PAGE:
KANSAS CITY, Kan. – When a group of young adults recently took to the sand for a volleyball match, they were not playing for money or fame.
They were hardly playing to win — except for the guys, of course. Instead, the match was the excuse for young Catholics to get together and enjoy a faith community that many have not yet found in parish life.
It might seem an odd pairing — faith and athletics.
But organizer Chris Funke maintains it’s a natural.
“About a year ago, a group of us went to the archdiocese and asked what we could do to strengthen young adult ministry in the archdiocese,” said Funke, a 29-year-old member of Holy Trinity Parish in Lenexa who has been involved with St. Sebastian Sports from the beginning.
“We were asked to think of a direct way to get young adults involved, and decided we could use sports as a tool to bring people together and use that experience to evangelize and re-energize young adults with faith.”
So far, the plan seems to be working.
Close to 200 young adults have participated in St. Sebastian Sports — named after the patron saint of athletes — since its inception last March.
St. Sebastian Sports organizes teams of interested players, then signs them up with existing leagues in the Kansas City area.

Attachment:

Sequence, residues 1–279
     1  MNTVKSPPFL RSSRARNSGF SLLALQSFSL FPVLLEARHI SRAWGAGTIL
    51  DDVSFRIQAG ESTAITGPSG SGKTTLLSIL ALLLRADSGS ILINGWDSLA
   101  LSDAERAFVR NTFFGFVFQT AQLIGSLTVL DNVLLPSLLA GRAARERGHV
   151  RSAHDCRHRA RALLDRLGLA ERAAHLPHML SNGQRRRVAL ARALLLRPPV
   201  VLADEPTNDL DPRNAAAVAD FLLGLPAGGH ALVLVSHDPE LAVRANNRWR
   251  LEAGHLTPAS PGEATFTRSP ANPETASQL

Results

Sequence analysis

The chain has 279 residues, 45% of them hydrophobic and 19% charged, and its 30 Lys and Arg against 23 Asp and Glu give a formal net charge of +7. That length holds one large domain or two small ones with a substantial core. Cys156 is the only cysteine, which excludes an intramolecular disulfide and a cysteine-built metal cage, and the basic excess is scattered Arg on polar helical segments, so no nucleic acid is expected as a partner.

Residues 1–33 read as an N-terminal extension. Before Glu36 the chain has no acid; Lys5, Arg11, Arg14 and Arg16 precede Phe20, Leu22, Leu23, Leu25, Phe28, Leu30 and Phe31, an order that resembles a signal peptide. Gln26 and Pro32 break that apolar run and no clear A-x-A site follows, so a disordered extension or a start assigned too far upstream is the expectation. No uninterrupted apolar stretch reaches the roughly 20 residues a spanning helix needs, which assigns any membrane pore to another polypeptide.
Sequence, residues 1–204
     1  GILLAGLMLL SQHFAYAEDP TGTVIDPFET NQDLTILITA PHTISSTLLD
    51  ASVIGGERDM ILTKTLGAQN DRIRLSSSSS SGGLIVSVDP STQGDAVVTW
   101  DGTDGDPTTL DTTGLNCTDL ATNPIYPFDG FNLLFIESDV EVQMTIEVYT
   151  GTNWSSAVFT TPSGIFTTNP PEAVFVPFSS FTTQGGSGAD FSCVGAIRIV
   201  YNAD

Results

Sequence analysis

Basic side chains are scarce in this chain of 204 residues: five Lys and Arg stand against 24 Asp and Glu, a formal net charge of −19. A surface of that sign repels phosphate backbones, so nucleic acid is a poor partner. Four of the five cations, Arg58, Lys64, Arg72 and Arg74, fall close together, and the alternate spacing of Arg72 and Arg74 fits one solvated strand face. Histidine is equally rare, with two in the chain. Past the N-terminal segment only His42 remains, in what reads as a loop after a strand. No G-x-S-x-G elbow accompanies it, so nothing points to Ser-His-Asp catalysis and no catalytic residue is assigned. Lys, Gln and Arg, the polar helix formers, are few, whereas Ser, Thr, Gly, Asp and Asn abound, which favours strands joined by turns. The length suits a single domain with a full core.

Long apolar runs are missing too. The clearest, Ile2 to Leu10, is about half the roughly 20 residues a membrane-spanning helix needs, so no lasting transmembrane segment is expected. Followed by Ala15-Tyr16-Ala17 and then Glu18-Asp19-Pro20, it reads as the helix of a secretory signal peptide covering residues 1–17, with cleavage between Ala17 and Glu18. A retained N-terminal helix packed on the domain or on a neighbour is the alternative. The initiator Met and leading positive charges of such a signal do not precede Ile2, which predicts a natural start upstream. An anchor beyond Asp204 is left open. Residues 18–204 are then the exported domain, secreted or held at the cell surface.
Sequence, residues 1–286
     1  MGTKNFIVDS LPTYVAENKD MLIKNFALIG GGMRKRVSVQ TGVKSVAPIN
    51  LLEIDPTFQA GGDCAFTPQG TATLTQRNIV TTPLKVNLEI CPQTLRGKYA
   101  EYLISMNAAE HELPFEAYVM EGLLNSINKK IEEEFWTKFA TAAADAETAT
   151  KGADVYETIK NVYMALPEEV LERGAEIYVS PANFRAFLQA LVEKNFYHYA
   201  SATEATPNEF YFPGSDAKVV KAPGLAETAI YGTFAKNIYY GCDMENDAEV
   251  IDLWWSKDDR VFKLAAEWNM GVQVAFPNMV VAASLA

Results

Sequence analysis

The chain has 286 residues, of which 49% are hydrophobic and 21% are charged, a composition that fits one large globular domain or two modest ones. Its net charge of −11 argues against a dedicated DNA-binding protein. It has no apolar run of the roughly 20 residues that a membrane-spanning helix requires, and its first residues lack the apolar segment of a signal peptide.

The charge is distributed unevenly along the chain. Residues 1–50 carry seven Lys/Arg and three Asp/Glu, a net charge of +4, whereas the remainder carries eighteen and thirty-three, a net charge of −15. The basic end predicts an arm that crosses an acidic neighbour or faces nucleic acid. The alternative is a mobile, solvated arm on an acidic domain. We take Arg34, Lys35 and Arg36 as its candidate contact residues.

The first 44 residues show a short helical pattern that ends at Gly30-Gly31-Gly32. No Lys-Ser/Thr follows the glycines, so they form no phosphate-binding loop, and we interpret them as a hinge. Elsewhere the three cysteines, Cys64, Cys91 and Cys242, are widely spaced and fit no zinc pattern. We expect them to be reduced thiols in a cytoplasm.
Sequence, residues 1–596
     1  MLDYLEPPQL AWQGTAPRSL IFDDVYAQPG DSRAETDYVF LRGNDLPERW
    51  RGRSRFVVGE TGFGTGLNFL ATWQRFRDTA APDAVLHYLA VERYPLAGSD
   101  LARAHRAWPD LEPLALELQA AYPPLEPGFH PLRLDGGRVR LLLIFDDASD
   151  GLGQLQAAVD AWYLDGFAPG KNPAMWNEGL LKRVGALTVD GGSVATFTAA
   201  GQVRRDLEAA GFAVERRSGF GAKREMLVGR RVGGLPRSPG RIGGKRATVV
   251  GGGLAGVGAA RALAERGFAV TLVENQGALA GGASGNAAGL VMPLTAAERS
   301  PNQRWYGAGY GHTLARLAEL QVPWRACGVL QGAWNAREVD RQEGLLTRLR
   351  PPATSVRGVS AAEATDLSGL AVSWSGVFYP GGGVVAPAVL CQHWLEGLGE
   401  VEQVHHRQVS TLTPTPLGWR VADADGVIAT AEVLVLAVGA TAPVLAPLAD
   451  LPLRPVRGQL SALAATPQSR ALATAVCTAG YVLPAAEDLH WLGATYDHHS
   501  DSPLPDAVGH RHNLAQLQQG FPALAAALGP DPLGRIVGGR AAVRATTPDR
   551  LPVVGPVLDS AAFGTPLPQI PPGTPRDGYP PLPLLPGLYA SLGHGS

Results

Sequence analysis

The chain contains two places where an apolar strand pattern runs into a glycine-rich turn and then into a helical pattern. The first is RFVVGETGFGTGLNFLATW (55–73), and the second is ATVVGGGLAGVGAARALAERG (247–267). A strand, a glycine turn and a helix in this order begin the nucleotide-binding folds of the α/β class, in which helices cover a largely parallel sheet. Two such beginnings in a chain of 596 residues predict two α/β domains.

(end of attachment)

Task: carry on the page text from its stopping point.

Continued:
Sports offered so far have included softball, volleyball, and indoor soccer. Numbers were so large for coed softball last summer that St. Sebastian Sports ran its own private league at the MidAmerica Sports Complex in Shawnee.
“Our ultimate goal is to grow this ministry to where we can have private leagues for each sport taking place through an already established organization,” said Funke.
Tentative plans are in place to include club Frisbee golf, a bowling league, and possibly a golf league. But Funke said other sports offerings were still being considered.
“We’re really trying to keep our ears peeled to what our members want from us,” he said. “We want to go with the sports that will be popular and draw interest. It’s really up in the air right now.”